Taking all these prerequisites into consideration, it is easy to see that Kansas City is pre-eminently the point on the Missouri river at which a live-stock mart ought to be established, and by the united exertions of western stock-men sustained.

     Stock marts, like cities, are not made. in a day, or by a single man, but by persistent and continued efforts of many parties in interest. So if the western live-stock men desire a market nearer their home than St. Louis or Chicago, it is their duty to themselves to aid in making such a one. They should second the efforts already put forth and still being made to create a good, complete live stock mart at Kansas City, because the point fills in a marked degree, all the essential requirements necessary to make a complete market.

     The history of the beginning and development of some of the facilities for doing a large stock trade, and the manner in which the business is conducted, with sketches of some of the representative men engaged therein, forms the purpose and scope of this and the succeeding chapter.

     In 1807 the cattle shipped from Abilene went by way of Leavenworth to Chicago, but no good facilities for transferring, over the Missouri river existed, and but little desire to retain the business Was manifested by Leavenworth, so the following spring it went to Kansas City. There the Missouri Pacific Company had built small yards, sufficient to accommodate only ten cars of stock, but which had previous to that season never been full. As soon as the river was bridged, the Hannibal & St. Joe Railroad company built small yards, but they soon proved inadequate to accommodate the business, which was yearly growing larger.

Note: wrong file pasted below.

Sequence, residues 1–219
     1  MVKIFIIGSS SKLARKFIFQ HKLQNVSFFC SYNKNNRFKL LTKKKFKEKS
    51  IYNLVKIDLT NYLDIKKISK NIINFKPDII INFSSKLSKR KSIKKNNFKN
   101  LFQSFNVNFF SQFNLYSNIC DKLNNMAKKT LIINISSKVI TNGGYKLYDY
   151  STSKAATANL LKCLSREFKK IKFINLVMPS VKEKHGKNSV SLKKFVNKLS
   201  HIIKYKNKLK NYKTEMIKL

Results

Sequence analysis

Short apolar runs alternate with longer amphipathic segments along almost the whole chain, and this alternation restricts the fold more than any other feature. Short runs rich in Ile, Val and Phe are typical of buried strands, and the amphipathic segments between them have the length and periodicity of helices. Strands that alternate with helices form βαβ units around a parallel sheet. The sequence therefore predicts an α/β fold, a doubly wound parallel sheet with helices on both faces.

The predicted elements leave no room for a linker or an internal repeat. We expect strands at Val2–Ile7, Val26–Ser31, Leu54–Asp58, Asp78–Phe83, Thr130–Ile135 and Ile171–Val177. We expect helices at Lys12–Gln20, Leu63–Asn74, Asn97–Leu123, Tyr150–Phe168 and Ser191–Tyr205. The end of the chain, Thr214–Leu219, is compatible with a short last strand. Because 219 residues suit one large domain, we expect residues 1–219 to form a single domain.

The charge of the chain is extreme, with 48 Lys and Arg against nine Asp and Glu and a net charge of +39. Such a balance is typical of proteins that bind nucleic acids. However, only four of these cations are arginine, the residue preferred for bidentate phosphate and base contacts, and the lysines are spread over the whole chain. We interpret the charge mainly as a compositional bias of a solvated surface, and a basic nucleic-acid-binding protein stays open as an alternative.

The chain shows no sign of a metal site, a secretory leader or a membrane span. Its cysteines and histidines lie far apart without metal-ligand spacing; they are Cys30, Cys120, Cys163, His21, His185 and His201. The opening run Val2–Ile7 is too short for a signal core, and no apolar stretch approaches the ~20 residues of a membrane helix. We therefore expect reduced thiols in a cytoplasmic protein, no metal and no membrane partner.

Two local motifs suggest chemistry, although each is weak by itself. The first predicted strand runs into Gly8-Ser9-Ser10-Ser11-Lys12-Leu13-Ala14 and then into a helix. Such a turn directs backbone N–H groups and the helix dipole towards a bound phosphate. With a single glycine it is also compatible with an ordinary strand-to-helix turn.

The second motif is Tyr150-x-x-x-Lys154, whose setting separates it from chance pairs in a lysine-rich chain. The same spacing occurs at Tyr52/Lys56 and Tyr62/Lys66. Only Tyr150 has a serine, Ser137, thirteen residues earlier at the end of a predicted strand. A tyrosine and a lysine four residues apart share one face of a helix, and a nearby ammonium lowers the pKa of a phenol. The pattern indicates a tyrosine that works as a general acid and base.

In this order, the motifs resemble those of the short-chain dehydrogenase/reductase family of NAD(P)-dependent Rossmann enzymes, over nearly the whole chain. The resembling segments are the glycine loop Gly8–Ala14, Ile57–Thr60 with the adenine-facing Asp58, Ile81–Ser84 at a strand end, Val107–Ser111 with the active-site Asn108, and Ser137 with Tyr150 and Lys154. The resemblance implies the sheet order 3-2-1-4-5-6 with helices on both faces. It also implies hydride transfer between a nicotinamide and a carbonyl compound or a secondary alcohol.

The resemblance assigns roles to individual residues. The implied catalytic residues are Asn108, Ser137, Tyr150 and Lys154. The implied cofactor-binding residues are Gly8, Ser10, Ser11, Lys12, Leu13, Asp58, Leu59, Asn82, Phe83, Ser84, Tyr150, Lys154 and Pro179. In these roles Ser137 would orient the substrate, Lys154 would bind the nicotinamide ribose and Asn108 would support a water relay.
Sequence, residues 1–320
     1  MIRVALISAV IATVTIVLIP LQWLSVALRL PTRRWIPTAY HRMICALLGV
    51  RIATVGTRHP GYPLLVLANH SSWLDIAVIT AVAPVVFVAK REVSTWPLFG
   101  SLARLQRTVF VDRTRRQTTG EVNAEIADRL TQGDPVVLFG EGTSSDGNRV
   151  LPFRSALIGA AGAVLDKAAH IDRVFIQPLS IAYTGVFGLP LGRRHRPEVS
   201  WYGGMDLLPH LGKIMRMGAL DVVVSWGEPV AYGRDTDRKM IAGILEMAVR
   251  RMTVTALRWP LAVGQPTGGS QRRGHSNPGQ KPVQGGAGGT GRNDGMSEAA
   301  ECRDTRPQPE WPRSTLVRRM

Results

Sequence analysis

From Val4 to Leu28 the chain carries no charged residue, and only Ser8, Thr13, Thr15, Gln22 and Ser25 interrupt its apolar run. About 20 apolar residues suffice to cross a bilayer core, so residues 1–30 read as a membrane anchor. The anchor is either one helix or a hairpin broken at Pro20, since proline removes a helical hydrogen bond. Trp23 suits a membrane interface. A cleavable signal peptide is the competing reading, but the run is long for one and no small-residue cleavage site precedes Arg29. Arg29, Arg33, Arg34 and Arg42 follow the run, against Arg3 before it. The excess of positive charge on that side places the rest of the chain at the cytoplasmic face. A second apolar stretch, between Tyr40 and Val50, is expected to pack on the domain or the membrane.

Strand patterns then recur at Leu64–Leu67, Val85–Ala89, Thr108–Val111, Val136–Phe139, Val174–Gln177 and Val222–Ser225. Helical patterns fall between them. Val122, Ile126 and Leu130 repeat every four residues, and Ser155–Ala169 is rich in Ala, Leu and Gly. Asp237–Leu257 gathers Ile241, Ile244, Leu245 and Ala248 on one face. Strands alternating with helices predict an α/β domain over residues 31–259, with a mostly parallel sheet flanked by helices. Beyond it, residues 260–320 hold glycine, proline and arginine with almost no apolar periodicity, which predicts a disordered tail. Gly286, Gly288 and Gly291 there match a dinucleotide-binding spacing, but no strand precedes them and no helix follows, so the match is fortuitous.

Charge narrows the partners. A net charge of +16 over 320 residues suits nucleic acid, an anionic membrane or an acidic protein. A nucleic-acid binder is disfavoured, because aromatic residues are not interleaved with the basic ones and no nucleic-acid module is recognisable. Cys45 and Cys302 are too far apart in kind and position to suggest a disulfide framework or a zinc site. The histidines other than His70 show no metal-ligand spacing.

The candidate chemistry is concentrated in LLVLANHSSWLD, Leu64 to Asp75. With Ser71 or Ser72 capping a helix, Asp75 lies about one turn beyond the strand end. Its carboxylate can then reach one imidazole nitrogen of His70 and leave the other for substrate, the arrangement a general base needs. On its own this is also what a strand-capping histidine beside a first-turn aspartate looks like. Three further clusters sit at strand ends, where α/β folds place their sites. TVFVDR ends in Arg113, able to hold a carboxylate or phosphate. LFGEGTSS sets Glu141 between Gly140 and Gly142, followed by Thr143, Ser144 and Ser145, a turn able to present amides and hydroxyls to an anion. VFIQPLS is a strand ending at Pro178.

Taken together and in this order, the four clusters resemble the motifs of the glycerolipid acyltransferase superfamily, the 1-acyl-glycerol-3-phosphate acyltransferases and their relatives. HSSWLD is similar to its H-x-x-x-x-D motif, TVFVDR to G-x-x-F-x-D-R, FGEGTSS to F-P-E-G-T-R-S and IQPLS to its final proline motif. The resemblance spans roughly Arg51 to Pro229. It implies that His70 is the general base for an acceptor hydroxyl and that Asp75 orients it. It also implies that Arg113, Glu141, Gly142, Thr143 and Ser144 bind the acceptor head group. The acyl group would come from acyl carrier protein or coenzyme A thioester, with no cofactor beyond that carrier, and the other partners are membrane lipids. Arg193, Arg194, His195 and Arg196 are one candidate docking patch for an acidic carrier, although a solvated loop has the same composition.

In the Spring of 1871, a joint stock company was formed for the purpose of erecting and operating a complete feed and transfer yard. A suitable tract of land was secured, and during 1871 quite a large portion of the ground covered with yards, lanes, alleys, scales, barns and a building for business offices. Every railroad entering or departing from Kansas City soon connected with the yards, and business from the beginning was brisk, crowding to their utmost capacity all the facilities provided, and necessitating additional yards, hog sheds, stables, and office room, until at the present the entire tract of land is occupied.

     Ample room exists for seven thousand head of cattle and six thousand hogs at one time without over-crowding but in a case of emergency fifty per cent more could be taken care of. Water fresh from the Kaw River, is conducted by pipes laid under ground, to troughs provided in each yards, also mangers for feeding hay in cattle yards, and floored pens covered with roofs for shade and shelter, are provided for the hogs and sheep.

     The first year, that of 1871, 120,827 cattle, 41,036 hogs, 4,527 sheep, and 809 horses were received, of which but a small per cent. were sold, for Kansas City was then naught more than a feeding and resting point, no effort having been put forth to make it a market. During the year of 1872, 236,800 cattle, 105,640 hogs, 2,648 horses, and 6,071 sheep, were received at Kansas City, and a successful effort was made to create a market. Its creation sprang from the necessities of the situation. Parties failing to sell upon the prairies naturally desired to sell at the first point at which it was possible. Purchasers from the East naturally preferred buying at Kansas City to going to the prairies, especially was this the case when the frontier points of rendezvous for cattle became numerous and distant apart. Large packing houses were located at Kansas City, and its superior advantages in location and climate for doing a successful and profitable packing business had become established, and thus a considerable demand occurred, aside from that of Northwestern feeders and grazers. All these influences gradually developed and created a market, which since its beginning has grown rapidly.